The meteoric rise of Grigori Rasputin from a peasant farm in Siberia to the most trusted confidant of the Czarina of Russia and the mystic healer of her son is a lesson in the power of charisma and the willingness of people to believe a charlatan. From his humble beginnings, Rasputin, the Mad Monk, experienced a bizarre religious conversion, became a holy man and spiritual healer and ingratiated himself into the Romanov family by offering false hope. The life of the Mad Monk is one of mysticism, madness and murder.
Grigori Rasputin married a fellow peasant, Praskovya Dubrovina, in February of 1887. Ten years later, Rasputin suddenly announced he was leaving to go on a religious pilgrimage. This move raised some eyebrows. Rasputin planned to leave his pregnant wife and infant child behind to go on his pilgrimage, leading some to wonder if he had ulterior motives for fleeing. Some experts claim Rasputin was involved in a horse theft operation and was, perhaps, skipping town to avoid prosecution. Others claim that the pilgrimage was inspired after Rasputin had a vision. Whichever the reason, Rasputin’s departure from his Siberian village started him on a path that led him to St. Petersburg and the royal family.
Rasputin’s pilgrimage took him to the Monastery at Verkhoturye where he was further inspired by several theologians. He gave up eating meat and drinking alcohol. He became a holy wanderer, or pilgrim and took on the appearance of a crazy, unkempt person. Between his travels, he returned to his village and his family and held religious services in his home for a small group of devoted followers. The local priest grew concerned that Rasputin was pulling followers away from his church and spread rumors that Rasputin had a bevy of female devotees who would ritually bathe him before each service. These rumors were never substantiated. It was even claimed that Rasputin was a member of the Khlysty, a religious sex cult that engaged in orgies, homosexuality and other sexually depraved activities.
Rasputin was personable, powerful, and intense. He had a way of making people believe and trust him. Wherever he went, he quickly amassed a group of devoted followers who fully believed everything the holy man told them. A keen observer and a student of the human mind, Rasputin’s ability to help resolve people’s problems and ease their worries contributed to his reputation of being a mystic spiritualist. Even though it was well known that Rasputin was sleeping with many of his female followers, he was still presented with a letter of recommendation to study at the St. Petersburg Theological Seminary. He traveled to St. Petersburg in the early 1900s.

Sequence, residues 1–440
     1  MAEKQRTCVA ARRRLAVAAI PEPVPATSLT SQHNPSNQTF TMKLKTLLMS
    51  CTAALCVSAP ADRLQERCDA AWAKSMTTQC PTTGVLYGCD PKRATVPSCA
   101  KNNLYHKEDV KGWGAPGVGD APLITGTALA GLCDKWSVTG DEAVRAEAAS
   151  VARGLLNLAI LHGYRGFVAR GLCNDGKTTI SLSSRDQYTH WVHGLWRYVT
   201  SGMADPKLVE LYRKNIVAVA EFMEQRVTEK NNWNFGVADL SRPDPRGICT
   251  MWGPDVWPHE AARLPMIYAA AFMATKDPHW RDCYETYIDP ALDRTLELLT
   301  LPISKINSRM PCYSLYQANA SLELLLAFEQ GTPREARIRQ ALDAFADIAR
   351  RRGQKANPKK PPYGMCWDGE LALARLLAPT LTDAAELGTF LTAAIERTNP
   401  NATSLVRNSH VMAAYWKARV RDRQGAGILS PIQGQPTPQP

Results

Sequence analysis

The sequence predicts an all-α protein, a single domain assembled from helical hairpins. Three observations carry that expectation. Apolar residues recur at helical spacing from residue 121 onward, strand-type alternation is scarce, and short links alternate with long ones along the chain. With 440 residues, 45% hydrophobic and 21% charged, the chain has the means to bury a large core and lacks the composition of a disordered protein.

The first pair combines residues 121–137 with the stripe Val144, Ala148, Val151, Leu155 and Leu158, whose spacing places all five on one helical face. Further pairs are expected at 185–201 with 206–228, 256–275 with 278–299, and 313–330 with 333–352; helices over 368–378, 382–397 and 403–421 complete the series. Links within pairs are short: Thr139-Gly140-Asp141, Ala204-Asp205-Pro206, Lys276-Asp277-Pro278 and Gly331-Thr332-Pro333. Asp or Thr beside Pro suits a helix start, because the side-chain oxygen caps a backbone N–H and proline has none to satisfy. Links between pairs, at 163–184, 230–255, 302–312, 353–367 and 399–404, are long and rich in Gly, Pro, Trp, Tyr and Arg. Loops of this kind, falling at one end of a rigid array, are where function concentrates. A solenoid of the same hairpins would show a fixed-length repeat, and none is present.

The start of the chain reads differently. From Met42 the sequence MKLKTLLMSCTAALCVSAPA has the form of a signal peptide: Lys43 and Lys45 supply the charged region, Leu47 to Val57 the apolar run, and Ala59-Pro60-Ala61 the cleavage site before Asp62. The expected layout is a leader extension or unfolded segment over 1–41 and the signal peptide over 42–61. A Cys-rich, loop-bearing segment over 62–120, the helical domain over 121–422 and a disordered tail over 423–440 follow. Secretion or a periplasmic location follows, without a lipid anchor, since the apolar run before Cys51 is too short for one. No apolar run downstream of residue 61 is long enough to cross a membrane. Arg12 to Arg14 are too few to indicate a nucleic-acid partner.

Czar Nicholas wrote about meeting Rasputin in his personal diary, dated November 1, 1905. In the entry, he referred to Rasputin as a “man of God.” The members of the Romanov family, particularly Nicholas’ wife, Alexandra, were mesmerized by the energy that exuded from Rasputin. The Czarina believed that the spiritual healer could cure the evil infliction that threatened their son, Alexei, who, like many in the royal lineage, suffered from hemophilia. Alexandra was convinced that Rasputin was destined to cross their path and that he was the answer to her prayers.
Rasputin began his foray into the lives of the royal family by praying over young Alexei and ‘healing’ him from his disease. But he was grooming the Romanovs to follow his orders. Soon Alexandra and then Nicholas started to rely on the charlatan’s wisdom and advice on matters of the state. When Czar Nicholas left the city in 1915 to oversee the Russian troops fighting in World War I, Rasputin’s influence over Alexandra tightened even more. In her husband’s absence, Alexandra sought Rasputin’s counsel and many of the decisions she made based on his advice made her unpopular among the people of Russia. By December of 1916, the conservative noblemen in the Russian government decided it was time for Rasputin to go.
Prince Felix Yusupov, one of the conspirators, invited Rasputin to his palace where he offered the Mad Monk a selection of tea cakes and tea, all of which had been laced with poison. Rasputin ate heartily, but to the Prince’s surprise, the poison had no effect on him. The Prince next offered Rasputin some Madeira wine, which was also laced with cyanide. The mystic drank three glasses and, again, was unaffected. By this time, the Prince was deeply concerned that his plan was going awry. He excused himself and went into another room where his co-conspirators were waiting. Another nobleman gave Prince Felix a pistol. The Prince shot Rasputin once in the chest and watched as he fell to the floor. He then went to get the other conspirators and brought them back to view Rasputin’s dead body. Imagine their surprise when they bent down to examine him and he sprang up to attack Prince Felix. Rasputin was shot two more times, once in the temple at close range. He was also stabbed. Still, on his feet, Rasputin stumbled out of the palace and collapsed into a snow bank. The conspirators rolled his body in a cloth and dumped it into the icy river. After his body was found, a coroner stated that Rasputin had drowned, despite the gunshot wounds, stab wounds, and poisoning.
The reliance on Rasputin’s guidance contributed to the downfall of the Czar and his family. The Russian people could see that the holy man was really a charlatan who had used his charisma and offers of false hope to insinuate himself into the upper echelon of the Russian royal house. The citizens of Russia felt that the Romanovs were out of touch with the masses and the issues facing the common people. With revolution looming, the Czar and Czarina were arrested and later executed, along with their children. The mesmerizing power of the mystic Mad Monk was a major factor that turned the people of Russia against the royal family.